I am your colleague and I have been practicing for over 30 years. I pride myself on being on the cutting edge and I have devoted a lot of time, energy, and money to continue with my education well above the minimal requirements to retain my state licensure.

Both you and I were trained in CR (Centric Relation) theory and practice in Dental School. I began my studies back in 1977. I have opted to pursue a different path than that CR philosphy because of what I can provide for my patients. Allow me to again stress the "what I can provide".

Neuromuscular Dental treatment has been around since the 60's and the pioneers had to be quite steadfast in order to stay the course against many naysayers...like yourself.


The scientific articles in support of NM principles are well published and readily available. Also, the journal "Cranio" publishes many articles monthly on cases that are documented being treated Neuromuscularly with references. That might be a good place to start your research quest.

Best Wishes on your journey!


I'm going to make this a simple as possible, if you believe that its the parafunctional (grinding and bruxing) that causes pain, prove to me this is caused by the jaw position and/or the bite. Again, we now have sleep studies to prove that it is not the bite that causes patients to clench.

I assume we can agree that the assumption that its the clenching that causes the pain. If so, then we need to get the back teeth out of the way, doesn't matter which occlusal camp you are in.

Tell me what you want for a bruxing patient in pain...........
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replied November 17th, 2010
2netta wrote:
"Again, we now have sleep studies to prove that it is not the bite that causes patients to clench."

Yes, it is likely Obstructive Sleep Apnea!


Hounder stated "BTW, you do realize that the lateral pterygoid is NOT relaxed in the NM zone/ position. Why is that not a concern for NM dentists ?"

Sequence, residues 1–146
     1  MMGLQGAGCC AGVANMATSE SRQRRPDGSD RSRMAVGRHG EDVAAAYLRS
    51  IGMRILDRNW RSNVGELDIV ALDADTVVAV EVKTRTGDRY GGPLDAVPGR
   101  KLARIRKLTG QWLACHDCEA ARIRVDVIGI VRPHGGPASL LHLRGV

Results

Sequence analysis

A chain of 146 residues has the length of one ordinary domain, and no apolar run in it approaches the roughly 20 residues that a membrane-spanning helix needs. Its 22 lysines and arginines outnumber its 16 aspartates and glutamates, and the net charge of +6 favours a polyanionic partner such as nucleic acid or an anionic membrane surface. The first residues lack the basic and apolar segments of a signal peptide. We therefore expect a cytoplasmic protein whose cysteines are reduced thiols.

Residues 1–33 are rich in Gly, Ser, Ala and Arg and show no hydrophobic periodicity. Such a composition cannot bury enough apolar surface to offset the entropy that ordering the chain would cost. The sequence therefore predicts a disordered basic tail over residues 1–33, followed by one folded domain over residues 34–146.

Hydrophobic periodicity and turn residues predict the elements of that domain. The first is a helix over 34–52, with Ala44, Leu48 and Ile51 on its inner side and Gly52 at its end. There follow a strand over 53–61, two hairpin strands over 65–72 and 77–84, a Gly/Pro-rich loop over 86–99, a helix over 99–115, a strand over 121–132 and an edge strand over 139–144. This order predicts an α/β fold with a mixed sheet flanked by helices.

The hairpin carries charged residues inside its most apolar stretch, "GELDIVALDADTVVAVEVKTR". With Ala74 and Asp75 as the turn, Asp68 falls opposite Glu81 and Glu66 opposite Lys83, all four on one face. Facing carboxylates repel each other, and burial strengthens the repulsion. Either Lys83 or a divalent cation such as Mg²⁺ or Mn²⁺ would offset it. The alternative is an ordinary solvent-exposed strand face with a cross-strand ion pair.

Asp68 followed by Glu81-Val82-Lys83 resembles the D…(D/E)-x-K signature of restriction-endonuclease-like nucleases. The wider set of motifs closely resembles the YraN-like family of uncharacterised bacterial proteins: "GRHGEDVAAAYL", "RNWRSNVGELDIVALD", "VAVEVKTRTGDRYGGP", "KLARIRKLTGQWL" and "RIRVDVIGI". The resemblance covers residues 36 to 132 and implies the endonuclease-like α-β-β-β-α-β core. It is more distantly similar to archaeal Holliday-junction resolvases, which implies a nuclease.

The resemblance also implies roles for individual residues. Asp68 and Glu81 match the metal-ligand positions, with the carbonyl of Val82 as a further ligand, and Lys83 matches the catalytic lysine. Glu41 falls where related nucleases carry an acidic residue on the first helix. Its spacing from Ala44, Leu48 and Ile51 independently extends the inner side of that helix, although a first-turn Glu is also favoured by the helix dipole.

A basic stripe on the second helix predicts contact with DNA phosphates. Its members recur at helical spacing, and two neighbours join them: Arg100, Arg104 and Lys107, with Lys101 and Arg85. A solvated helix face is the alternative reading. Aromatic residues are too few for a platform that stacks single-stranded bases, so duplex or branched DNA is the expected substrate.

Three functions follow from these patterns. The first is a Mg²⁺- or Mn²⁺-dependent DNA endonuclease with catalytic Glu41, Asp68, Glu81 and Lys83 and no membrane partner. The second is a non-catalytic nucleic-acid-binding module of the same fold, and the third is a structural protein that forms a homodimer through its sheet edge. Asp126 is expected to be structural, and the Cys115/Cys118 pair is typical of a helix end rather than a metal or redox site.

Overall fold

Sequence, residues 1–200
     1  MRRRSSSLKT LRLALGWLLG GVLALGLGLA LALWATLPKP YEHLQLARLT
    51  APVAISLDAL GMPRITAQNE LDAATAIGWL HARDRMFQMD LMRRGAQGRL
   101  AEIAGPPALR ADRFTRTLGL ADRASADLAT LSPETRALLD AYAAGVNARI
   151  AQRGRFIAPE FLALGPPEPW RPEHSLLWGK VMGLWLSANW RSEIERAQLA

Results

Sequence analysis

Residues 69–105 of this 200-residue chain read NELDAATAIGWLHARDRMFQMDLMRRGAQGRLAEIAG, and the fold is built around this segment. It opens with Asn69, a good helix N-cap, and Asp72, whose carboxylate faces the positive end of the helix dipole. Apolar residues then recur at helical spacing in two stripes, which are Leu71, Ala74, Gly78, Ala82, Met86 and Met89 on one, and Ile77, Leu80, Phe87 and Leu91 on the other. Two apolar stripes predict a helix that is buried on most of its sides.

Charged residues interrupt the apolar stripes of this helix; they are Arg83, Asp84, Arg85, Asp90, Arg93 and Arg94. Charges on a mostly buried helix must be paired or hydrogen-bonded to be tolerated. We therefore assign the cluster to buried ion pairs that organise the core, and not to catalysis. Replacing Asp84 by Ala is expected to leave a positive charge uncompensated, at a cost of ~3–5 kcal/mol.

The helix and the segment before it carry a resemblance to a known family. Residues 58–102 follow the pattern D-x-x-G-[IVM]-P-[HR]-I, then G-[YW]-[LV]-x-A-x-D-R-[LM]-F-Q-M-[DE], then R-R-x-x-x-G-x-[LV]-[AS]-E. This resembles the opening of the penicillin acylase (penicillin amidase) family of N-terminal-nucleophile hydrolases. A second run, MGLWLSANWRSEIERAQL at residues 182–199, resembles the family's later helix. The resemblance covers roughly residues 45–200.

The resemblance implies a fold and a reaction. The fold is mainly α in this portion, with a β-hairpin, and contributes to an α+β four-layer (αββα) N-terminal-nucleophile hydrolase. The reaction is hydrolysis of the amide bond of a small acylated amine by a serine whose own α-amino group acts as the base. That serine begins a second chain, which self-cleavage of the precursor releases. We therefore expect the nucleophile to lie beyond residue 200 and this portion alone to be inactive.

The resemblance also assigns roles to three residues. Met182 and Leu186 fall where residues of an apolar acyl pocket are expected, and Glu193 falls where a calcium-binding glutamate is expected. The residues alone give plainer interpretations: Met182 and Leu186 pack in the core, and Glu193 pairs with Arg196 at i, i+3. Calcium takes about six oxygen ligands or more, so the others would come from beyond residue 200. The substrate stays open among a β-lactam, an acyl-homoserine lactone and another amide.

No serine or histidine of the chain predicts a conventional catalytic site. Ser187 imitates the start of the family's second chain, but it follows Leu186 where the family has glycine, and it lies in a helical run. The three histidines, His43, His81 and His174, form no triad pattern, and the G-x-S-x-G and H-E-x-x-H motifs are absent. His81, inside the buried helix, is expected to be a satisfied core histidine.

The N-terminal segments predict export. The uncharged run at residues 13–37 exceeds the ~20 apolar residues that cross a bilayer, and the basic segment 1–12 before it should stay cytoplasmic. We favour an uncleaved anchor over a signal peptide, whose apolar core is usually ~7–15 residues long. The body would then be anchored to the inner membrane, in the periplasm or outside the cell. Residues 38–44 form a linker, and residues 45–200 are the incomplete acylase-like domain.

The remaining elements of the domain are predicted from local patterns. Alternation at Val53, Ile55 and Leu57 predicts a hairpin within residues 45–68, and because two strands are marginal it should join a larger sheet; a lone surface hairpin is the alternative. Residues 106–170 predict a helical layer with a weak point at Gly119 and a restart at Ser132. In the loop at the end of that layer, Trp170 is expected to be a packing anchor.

This is an old red herring that is repeated over and over again by those that would like to discredit Neuromuscular Dentistry. Since the Ultra Low frequency (ULF) tensing that we use, has effects that are CENTRALLY mediated by the neural stimulation of the Trigeminal and Facial nerves. This neural mediation allows the muscle spindles to elongate as they relax.
Indeed the Lateral Ptyergoid is relaxed.

Here are some references and there are many more that have validated these. FUJI H & MITANI H 1973-J DENT
RES.1973 SEPT-OCT 52(5);1046-50
FUJI H -J
ORAL.REHABIL.1977JUL;4(3):291-303

Repeating a falsehood over and over and over again does not make it true.



Let's look at muscle physiology, the lateral pterygoid has very few spindle fibers. And the lateral pterygoid is not under myotatic reflex control.

Because TENS does not act centrally (I'm not going to bore anyone here, but if you want the references PM me, and these references can easily be found and abstracted on PubMed), it acts upon the elevators to lengthen them. But without equivalent spindle fibers, the lateral pterygoid must be shortened. If it wasn’t, the condyle would not be down the eminence. It seems impossible that the LP can be “relaxed” if it has to remain contracted to keep the condyle down the eminence.

I'd love to read your references, but I could not find them. If you have them could you PM them to me?

I'd like your thoughts on Barry Glassman's video.......